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LaTasha Mayes's picture

A woman is in labor — separated from her loved ones and shackled. She struggles against her restraints as she tries to follow the doctor’s instructions. Weighed down and on a short tether, she cannot position herself properly, let alone find any comfort. The pain of labor is intensified by degradation at the hands of her captor. It sounds like something out of a dystopian novel; far from fiction, it is the reality of far too many incarcerated women, across the country and right here in Ohio. 

In Ohio and several states, the shackling of incarcerated pregnant women is a common practice. That’s a growing problem because the number of incarcerated women has risen over 153 percent, with an estimated 25 percent of incarcerated women pregnant at the time of their arrest or having given birth at some point during the year prior to incarceration. Ohio officials report that the number of incarcerated pregnant women is on the rise — largely due to the opioid crisis.


In addition to being inhumane, this draconian practice is dangerous. Shackling pregnant women poses a significant risk to the health and safety of both the woman and fetus throughout pregnancy, labor and delivery. During pregnancy, restraints can imperil women as their mobility is limited, increasing the likelihood of falling and decreasing the ability to protect oneself during a fall. Think about it; if you’re chained in ankle restraints and handcuffs, you’re at a greater risk of losing your balance. If you fall while all of your limbs are tethered, you’re going to have a hard time catching yourself or breaking the fall.


Falling isn’t the only risk. Hypertensive diseases — such as high blood pressure — cause nearly 18 percent of maternal deaths in the United States. (It’s probably safe to say that being shackled during pregnancy can’t be good for one’s blood pressure.) Preeclampsia, a pregnancy complication that includes high blood pressure and damage to other organs, is difficult to treat if a patient is shackled.


Shackling also interferes with safe and normal labor and delivery and the ability of doctors to administer proper care. An ACLU report found that moving around is "critical during labor, delivery and postpartum" because women giving birth often need to be able to walk around, move their legs freely, or just be able to move to help manage labor pain. Any woman who has been through a vaginal delivery knows that you have to be able to move to get into the best positions for delivery. Women who are shackled are often prevented from doing that. Shackling (often using leg and abdomen restraints) can lead to bruising and can "prevent mothers from effectively healing and breastfeeding."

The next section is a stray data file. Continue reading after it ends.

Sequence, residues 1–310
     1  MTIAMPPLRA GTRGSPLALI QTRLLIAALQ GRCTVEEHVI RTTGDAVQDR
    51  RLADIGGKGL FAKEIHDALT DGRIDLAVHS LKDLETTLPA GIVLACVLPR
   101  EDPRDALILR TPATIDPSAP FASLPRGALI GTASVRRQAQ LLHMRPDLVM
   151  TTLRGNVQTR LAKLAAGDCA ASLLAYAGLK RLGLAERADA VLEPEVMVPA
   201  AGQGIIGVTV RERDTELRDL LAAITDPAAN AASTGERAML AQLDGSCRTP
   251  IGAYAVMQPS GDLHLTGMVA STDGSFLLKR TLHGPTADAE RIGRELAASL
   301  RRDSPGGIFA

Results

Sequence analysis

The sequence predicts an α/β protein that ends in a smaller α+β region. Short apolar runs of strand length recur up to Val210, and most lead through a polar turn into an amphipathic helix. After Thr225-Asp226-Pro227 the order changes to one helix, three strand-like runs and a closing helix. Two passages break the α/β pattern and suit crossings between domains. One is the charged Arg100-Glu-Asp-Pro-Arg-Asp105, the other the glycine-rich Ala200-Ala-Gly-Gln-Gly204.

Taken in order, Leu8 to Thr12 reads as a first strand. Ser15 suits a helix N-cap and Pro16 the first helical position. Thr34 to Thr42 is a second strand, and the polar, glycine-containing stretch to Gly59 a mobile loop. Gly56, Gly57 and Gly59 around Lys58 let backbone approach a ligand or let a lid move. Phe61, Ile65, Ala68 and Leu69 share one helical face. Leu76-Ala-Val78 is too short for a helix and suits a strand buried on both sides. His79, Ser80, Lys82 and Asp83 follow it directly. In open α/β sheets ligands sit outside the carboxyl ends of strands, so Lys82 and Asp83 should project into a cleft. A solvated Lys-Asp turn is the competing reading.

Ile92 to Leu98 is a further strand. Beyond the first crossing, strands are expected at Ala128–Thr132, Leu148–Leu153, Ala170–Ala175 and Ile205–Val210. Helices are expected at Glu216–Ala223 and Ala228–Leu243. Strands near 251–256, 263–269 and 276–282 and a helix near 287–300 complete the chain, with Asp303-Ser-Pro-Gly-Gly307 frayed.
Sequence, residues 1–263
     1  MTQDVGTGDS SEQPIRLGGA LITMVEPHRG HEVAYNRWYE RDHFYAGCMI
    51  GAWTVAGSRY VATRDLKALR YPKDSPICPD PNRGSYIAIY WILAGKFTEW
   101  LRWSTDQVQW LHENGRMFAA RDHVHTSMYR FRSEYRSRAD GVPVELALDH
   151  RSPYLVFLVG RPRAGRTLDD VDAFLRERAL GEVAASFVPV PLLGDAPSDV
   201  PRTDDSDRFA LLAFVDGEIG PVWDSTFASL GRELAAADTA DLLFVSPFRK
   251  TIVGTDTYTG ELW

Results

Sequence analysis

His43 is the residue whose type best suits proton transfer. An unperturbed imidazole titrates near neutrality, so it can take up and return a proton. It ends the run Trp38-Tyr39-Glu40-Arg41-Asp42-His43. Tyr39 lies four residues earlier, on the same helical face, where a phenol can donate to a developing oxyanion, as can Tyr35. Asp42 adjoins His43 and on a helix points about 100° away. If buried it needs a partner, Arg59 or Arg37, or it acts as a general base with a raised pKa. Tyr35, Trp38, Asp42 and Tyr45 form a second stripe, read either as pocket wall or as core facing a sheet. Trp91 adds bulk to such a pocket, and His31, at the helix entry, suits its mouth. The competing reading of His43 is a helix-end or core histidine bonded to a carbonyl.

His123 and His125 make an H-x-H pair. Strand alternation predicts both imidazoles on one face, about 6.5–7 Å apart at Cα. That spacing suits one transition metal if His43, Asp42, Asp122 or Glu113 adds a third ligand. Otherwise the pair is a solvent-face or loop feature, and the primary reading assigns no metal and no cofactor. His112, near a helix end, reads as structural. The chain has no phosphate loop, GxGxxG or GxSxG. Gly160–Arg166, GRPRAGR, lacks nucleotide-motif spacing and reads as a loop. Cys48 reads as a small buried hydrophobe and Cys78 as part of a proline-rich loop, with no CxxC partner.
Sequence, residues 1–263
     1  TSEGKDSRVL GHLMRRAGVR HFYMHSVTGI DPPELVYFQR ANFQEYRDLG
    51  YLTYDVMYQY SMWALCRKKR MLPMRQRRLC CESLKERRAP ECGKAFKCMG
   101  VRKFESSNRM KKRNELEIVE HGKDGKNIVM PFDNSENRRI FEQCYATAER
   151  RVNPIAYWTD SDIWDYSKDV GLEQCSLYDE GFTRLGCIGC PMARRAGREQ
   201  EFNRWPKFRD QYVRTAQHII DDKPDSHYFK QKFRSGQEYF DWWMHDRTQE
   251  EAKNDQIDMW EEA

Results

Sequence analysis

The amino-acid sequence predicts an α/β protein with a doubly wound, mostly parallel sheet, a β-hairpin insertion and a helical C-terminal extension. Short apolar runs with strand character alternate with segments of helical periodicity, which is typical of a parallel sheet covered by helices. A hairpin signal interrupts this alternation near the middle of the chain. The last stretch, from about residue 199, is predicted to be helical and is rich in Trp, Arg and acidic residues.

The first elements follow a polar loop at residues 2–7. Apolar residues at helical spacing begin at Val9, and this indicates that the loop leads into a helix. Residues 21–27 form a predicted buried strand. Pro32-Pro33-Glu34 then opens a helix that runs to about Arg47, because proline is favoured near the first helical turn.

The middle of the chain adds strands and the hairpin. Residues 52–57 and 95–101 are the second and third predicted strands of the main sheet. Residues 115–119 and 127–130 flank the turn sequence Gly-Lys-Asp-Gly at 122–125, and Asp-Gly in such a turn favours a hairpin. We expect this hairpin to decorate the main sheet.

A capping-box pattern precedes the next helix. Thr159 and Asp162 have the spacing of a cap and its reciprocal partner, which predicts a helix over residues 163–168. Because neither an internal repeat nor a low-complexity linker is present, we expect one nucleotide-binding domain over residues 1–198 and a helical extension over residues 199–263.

There are countless stories of incarcerated women being abused during their pregnancies because of this barbaric practices. Recently, Kirenda Welch, a Black pregnant woman in Florida was arrested on a suspended license charge and incarcerated in a Jacksonville jail. Catherine Thompson, a corrections officer, used restraints on Welch’s wrists and ankles — making it difficult for Welch to move. The officer reportedly punched Welch in the face and stomach, pepper-sprayed her and made racist remarks.


“This Officer Thompson called me Kunta Kinte several times before she put me in shackles at the ankles and handcuffs at the wrists. I complied with every one of her requests. I complied with her requests to shackle me only for her to punch me in the face and stomach over a dozen times. I was just in disbelief,” Welch reported.


This horrific example of abuse is emblematic of the systemic racism and sexism Black women face within the criminal justice system at the intersection of reproductive healthcare access. Shackling pregnant women and denying incarcerated women access to adequate health care is an assault on reproductive justice and is unconscionable. Incarceration does not give authorities the right to deny basic human rights, especially in the case of pregnant women.


Currently, 18 states have legislation that prohibits or limits the use of shackles on incarcerated women during pregnancy including Pennsylvania. SisterSong Women of Color for Reproductive Justice won a tremendous victory this past March to end shackling during childbirth in North Carolina. However, Ohio is not one of them. Fortunately, the Ohio General Assembly has introduced such legislation, the Humane and Effective Anti-Shackling bill, House Bill 688, sponsored by State Representative Nickie Antonio. The proposed legislation would: 


●      Give protections to all pregnant women and individuals, regardless of trimester;

●      Include reporting requirements;

●      Include oversight and accountability requirements;

●      Include privacy provisions during exams and while giving birth; and

●      Ensure that health care providers have input when certain shackles are used.


It is past time to protect incarcerated pregnant women in Ohio. Too many pregnant women are suffering great injustice and harm while inside the criminal justice system. Our state and country have a lot of work to do to abolish a system that is inherently racism and sexism. Passing HB 688 is the first step in ensuring that incarcerated pregnant women have a chance at a healthy labor and delivery and reproductive justice.


Marcela Howell is the founder and executive director of In Our Own Voice: National Black Women’s Reproductive Justice Agenda and La'Tasha D. Mayes, MSPPM, is the founder and executive director of New Voices for Reproductive Justice

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